It would not be too much of a stretch to say that our move to Mexico was highly motivated by food. In fact, in the weeks leading up to our move, we suddenly felt inspired to eat every type of “Mexican food” we could get our hands on. Partially because we loved it and partially because we assumed that once living in Mexico we would be “ruined” and unable to enjoy any American versions of our favorite dishes.
However, now that we’re in Tulum, we realize that most of what we typically ate in the states isn’t even on the menu. Instead, we get to discover new favorites, dishes we have never even had the opportunity to experience an Americanized version of. Like these ooey, gooey, delicious open-faced sandwiches called Molletes. Our first experience with Molletes came from Anna’s school where they are an incredibly popular lunch item. Once Anna fell in love with them, and once we figured out how to light our oven, we were inspired to try them at home.
Molletes are such a quick and easy dish to prepare. They have become a weekly school-night meal for us. At the markets here we are able to buy Bolillos for less than two pesos each. These rolls with pointed ends are so common here, and the low price explains why all the torta shops in town serve their sandwiches on them. The first step is toasting the bread. We slice them in half lengthwise and toss them in the oven for a few minutes. Just enough to let the cut-side get a little crusty.
We then top them with frijoles negros, refried black beans, that we have heated while the rolls were toasting. We use prepared refried beans that we buy in pouches at the market, however, I am sure there are many delicious recipes available online for those who want to cook their own beans. Once the beans are spread across the rolls, the next step is to add the cheese. We have used several types of cheese on our Molletes, and the more cheese, the more amazing they get. Everything from a crumbly cheese, to a melty chihuahua, and most recently a combination of gouda and yellow jack-like cheese, has been delicious. The gouda was a surprise to find on our first shopping trip, but it turns out that about half of the cheese eaten in Mexico is gouda. Then pop them back in the oven long enough for the cheese to get melty on top.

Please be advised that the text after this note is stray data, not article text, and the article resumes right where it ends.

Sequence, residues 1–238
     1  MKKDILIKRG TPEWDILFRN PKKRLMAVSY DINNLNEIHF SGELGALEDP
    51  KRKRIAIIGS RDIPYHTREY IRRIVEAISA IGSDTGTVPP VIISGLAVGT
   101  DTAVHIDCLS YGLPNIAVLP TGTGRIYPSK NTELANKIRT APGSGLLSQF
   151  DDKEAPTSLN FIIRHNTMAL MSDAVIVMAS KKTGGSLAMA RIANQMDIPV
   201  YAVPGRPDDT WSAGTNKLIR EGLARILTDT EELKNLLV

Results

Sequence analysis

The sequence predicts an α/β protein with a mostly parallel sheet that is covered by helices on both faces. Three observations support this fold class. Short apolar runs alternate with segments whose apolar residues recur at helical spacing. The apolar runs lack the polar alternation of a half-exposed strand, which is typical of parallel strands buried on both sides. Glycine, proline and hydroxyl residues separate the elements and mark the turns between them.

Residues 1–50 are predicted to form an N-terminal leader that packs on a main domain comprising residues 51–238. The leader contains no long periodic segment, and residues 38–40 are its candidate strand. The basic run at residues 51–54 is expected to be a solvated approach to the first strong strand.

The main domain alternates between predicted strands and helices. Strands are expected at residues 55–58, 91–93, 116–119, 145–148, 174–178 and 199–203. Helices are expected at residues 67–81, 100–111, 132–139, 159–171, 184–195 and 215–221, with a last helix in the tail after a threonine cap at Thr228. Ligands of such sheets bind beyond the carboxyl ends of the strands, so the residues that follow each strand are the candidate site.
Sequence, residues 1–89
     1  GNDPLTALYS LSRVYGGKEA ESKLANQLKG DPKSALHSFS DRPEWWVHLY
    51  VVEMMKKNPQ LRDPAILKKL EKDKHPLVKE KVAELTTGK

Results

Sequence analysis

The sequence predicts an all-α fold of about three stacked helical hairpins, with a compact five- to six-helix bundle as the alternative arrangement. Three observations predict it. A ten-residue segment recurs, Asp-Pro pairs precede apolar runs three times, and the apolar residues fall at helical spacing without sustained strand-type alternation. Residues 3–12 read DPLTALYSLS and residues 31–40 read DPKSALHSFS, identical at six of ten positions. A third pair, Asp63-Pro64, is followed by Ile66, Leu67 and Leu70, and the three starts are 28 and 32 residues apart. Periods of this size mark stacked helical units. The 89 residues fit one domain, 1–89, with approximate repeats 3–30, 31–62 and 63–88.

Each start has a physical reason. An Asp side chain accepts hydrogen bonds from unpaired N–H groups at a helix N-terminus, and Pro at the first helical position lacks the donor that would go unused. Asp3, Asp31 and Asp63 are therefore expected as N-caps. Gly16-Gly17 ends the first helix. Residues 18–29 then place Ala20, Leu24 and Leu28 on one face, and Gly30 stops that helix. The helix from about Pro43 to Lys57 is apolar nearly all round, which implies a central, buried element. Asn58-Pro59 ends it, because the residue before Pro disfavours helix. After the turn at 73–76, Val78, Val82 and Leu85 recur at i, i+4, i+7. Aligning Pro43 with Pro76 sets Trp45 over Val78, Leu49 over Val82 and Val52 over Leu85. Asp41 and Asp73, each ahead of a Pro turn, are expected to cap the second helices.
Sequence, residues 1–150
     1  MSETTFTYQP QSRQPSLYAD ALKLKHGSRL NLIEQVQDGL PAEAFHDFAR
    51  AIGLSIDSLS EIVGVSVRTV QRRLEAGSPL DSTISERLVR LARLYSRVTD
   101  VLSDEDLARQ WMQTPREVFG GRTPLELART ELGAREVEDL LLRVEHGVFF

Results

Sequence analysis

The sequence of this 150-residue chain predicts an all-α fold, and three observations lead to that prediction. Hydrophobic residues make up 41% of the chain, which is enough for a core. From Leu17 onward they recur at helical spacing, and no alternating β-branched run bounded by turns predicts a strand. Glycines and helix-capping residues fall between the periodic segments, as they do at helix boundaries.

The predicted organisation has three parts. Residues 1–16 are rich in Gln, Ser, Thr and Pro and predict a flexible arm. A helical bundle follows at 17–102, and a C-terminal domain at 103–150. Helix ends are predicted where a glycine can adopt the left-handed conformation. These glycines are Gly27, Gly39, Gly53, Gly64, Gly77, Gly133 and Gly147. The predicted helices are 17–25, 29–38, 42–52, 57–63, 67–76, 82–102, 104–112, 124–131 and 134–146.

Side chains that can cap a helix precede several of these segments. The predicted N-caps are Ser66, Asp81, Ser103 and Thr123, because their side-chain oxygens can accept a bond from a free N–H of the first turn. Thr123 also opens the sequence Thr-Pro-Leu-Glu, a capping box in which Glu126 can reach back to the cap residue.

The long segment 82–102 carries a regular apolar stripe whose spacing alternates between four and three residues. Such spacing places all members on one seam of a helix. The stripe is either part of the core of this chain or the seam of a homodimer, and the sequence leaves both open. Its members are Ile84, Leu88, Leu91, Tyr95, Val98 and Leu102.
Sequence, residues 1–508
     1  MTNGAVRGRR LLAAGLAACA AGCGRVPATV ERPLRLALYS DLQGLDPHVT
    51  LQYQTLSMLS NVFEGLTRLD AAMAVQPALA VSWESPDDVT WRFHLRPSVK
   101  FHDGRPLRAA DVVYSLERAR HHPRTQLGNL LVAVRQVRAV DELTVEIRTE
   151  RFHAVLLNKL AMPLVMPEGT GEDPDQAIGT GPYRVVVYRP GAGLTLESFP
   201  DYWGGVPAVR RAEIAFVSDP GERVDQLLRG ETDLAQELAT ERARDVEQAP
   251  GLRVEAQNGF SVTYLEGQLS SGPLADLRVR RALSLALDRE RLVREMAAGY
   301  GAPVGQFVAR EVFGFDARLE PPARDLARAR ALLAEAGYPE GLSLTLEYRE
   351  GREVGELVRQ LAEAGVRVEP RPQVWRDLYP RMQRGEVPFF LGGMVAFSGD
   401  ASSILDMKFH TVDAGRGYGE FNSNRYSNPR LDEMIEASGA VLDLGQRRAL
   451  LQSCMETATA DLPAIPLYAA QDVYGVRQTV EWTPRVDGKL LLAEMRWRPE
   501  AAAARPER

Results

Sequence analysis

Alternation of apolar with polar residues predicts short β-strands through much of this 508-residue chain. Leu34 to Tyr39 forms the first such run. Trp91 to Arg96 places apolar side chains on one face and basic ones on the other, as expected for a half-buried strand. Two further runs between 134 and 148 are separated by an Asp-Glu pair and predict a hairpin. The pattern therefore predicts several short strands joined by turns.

Meanwhile, we chop up a quick Pico de Gallo. Sometimes we go really simple and just use chopped tomatoes, other times we add in onion, lime juice, and salt. For those who like heat, you could also add in some chopped peppers. Anna prefers her Molletes without the tomato garnish, but the rest of us really enjoy how the fresh tomato balances the richness of the cheese and beans.
There is something really satisfying about the Molletes. They are an inexpensive, filling, and easy meal, with a crunchy gooey quality that is similar to good cheesy garlic bread. Pretty much Mexican comfort food. Anna really says it best though… “it is EXCELLENT”!